|Institution:||University of Otago|
|Keywords:||rights; conflict; civil society; state; nation; India; Octavio Paz; multiculturalism; universalism; Hindu; Muslim|
|Full text PDF:||http://hdl.handle.net/10523/4860|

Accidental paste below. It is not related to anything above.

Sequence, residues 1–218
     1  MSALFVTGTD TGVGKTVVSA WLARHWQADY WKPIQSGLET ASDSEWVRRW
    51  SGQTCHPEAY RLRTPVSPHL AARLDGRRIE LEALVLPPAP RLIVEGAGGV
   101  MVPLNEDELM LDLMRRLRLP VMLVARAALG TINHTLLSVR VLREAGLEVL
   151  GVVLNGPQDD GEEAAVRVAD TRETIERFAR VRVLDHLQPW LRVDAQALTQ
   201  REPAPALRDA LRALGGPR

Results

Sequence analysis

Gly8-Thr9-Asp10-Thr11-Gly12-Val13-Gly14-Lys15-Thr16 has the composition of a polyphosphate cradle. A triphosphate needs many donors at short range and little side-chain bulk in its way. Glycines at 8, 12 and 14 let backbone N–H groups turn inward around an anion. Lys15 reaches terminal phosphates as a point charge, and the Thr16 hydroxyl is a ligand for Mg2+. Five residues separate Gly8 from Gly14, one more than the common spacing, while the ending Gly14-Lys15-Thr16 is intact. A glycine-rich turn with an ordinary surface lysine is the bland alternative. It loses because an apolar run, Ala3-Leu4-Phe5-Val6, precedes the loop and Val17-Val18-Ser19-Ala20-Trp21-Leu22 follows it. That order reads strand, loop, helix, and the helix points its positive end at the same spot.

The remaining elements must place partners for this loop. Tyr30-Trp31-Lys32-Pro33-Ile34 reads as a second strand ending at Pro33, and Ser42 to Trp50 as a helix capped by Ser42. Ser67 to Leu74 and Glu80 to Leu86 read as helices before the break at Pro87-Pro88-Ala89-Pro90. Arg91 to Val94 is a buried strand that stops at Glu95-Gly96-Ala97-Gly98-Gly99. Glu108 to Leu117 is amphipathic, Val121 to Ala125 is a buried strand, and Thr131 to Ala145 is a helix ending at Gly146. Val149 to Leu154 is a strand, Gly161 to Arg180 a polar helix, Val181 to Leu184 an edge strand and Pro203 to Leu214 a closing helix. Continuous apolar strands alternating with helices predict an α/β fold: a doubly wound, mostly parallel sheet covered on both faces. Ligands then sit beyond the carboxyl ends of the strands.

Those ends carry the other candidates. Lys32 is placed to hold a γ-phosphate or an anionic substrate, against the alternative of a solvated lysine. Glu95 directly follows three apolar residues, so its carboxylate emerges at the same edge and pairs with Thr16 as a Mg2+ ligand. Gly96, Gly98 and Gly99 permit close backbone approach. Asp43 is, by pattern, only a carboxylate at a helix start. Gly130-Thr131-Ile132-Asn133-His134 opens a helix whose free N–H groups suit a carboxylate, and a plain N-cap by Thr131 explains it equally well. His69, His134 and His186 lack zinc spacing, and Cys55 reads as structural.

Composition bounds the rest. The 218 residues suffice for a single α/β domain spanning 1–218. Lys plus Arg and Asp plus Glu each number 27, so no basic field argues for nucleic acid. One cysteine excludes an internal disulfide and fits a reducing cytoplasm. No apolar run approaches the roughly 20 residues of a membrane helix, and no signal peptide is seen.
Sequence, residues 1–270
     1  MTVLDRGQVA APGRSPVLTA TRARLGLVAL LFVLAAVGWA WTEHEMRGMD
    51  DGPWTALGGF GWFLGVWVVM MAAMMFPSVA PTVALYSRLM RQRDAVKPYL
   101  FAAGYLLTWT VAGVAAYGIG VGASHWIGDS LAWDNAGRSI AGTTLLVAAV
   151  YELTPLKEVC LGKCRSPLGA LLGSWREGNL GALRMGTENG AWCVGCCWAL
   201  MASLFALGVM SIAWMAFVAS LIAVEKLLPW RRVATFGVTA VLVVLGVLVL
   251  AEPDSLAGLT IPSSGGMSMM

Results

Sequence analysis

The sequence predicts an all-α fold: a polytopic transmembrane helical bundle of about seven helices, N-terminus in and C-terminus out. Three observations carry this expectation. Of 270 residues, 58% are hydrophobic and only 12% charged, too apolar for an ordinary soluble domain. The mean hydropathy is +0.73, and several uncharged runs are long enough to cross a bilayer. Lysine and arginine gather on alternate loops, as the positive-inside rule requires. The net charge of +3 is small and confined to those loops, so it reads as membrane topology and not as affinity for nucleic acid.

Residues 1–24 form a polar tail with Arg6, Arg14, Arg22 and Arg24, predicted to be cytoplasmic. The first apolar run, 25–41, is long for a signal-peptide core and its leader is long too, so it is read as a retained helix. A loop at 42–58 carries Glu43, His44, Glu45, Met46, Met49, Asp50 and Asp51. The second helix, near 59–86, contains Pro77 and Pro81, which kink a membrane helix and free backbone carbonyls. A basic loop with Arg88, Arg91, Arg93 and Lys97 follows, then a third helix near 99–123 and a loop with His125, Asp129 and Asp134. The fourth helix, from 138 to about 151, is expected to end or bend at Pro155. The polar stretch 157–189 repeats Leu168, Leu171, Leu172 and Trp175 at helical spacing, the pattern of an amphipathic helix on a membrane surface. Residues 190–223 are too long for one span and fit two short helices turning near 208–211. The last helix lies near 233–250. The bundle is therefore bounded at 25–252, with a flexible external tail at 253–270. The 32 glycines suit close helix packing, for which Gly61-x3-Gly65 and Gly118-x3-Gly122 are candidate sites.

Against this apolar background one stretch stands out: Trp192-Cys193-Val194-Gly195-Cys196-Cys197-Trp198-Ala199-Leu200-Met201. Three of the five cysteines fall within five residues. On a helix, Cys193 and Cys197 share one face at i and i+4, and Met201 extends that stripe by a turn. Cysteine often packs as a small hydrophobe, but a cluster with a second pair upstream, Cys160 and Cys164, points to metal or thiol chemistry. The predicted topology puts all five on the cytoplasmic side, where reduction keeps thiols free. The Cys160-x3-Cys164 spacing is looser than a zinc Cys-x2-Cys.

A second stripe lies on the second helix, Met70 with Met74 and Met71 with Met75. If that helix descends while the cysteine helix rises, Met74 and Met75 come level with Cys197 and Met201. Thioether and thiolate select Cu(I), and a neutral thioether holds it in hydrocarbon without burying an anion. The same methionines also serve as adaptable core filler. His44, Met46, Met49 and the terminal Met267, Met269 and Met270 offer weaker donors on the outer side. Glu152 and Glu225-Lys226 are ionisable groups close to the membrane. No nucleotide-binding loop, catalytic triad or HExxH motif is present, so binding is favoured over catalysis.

Paz identifies democracy as the only viable form of modern governance. But the concept of democracy in India has two distinct meanings: political society considers it in terms of the right to vote and the rule of law, while civil society defines it as a series of solidarity rights. Political conflict arises from opposition between different social sectors. But the division between civil society and the state is not so simplistic. It is also characterised by ethnic, cultural, political and religious divisions within. In response to the political violence that marks India's modern democracy, Paz in his Vislumbres de la India asks 'En que tiempo vivimos?' To attain peace, Paz considers a political order with its roots in the present. He also considers that a democracy which is not secular is not really a democracy. However, secularism means much more than the separation of politics and religion. It should also extend equal protection to all religions under the auspices of the state. This has interesting implications in terms of Hindu Muslim conflict in a democracy in which Hindu and nationalism have become synonymous. Paz also asserts that politics and morality are inseparable. One salient feature of democracy is that it promises equal rights to all citizens. This promise intersects with the question of universal rights. In a society as diverse and multicultural as India, there is an inherent danger in a discourse which proclaims the idea of universality with regard to rights. In light of this problematic, rights are complicated both by political and temporal contexts. But nor are rights simply the result of purely legal interventions. They are a response to social inequalities and exist in many forms, not all of which are referent to the law. To return to Paz's question, this essay asks what, in the present, pertains to a universal conception of rights? Can rights be conceived as universal, or are they necessarily contingent on social and temporal contexts?